They [the Egyptians] are religious to excess, beyond any nation in the world.
This book is about how ancient Egyptians related to and worshipped their gods, and how religion affected their daily lives. It focuses on personal involvement with religion, and how religion and the human response to it – cult actions – formed the Egyptians' material and psychological culture. The text explores what, in the most practical sense, their beliefs meant to the early Egyptians and how they incorporated religion into their lives. A study of Egyptian religious practice – of how religion permeated society and stimulated human action – must include an examination of what the people were like, how they conceived of their gods, and what they apparently (reading backward from their practices) “needed” from their religion, that is, how they approached their own beliefs and responded to those beliefs.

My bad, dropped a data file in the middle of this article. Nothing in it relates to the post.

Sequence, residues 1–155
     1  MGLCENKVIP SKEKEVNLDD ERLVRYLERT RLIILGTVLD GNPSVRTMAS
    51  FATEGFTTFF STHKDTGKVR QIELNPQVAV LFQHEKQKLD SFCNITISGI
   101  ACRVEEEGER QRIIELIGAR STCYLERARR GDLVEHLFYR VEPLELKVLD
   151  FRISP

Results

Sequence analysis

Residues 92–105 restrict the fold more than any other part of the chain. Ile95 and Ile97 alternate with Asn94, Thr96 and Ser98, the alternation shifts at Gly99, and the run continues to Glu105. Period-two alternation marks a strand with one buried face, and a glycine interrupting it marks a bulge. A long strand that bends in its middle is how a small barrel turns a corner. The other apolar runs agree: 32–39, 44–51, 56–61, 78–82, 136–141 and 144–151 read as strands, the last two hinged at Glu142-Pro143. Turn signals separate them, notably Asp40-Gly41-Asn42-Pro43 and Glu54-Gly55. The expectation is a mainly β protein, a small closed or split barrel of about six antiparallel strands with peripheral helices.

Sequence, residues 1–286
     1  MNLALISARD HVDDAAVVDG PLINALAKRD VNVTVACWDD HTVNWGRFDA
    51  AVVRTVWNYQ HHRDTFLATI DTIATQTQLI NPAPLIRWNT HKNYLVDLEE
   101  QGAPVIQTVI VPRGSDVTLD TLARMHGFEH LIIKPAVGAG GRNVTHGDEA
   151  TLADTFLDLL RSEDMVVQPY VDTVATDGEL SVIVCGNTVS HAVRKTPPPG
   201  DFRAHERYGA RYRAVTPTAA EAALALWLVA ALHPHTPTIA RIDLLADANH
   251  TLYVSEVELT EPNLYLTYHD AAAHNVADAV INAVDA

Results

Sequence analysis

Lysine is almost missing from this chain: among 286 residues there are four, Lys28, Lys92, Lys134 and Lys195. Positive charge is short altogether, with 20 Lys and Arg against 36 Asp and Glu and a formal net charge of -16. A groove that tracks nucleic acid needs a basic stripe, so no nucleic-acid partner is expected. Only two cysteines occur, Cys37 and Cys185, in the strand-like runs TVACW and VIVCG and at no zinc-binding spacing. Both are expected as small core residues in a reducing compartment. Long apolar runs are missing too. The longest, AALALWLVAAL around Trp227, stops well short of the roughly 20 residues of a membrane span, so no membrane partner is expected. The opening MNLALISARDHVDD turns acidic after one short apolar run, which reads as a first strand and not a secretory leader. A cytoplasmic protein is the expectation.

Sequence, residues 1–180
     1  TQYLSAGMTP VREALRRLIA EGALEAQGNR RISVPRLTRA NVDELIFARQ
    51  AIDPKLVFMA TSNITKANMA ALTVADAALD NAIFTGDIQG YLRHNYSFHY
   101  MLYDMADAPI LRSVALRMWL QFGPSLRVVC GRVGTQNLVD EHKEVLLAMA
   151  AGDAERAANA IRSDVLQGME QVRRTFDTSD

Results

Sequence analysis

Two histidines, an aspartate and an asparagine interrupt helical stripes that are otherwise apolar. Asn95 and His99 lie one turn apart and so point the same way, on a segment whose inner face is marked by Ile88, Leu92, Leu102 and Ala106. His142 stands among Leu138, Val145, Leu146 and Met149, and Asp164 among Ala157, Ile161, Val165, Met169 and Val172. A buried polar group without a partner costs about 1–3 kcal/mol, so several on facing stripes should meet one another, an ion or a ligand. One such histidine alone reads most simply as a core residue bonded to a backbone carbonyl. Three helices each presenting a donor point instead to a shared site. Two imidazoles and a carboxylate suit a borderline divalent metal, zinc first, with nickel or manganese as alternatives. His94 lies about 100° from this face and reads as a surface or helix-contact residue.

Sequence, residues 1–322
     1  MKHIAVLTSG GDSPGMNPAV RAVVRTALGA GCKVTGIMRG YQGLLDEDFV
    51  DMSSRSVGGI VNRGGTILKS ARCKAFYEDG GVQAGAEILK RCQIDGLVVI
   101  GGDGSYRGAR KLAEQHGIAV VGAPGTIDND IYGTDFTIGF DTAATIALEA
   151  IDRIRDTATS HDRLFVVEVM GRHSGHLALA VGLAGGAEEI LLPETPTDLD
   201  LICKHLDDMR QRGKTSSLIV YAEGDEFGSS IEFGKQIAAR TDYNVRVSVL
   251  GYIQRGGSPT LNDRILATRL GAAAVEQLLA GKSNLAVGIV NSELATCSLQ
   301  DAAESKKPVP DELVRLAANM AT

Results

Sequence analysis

We are fortunate to have so many sources that describe both the impact of religion on individual Egyptians and how these individuals incorporated those beliefs into their day-to-day lives. Yet despite this wealth of sources, it is still frustratingly difficult to understand what these people, so removed from us by time, were really like. Did they cringe under the weight of the long tradition of their religion, the manifestations of which were omnipresent both physically and culturally? In many ways, ancient Egypt was one of the most theocratic societies in history.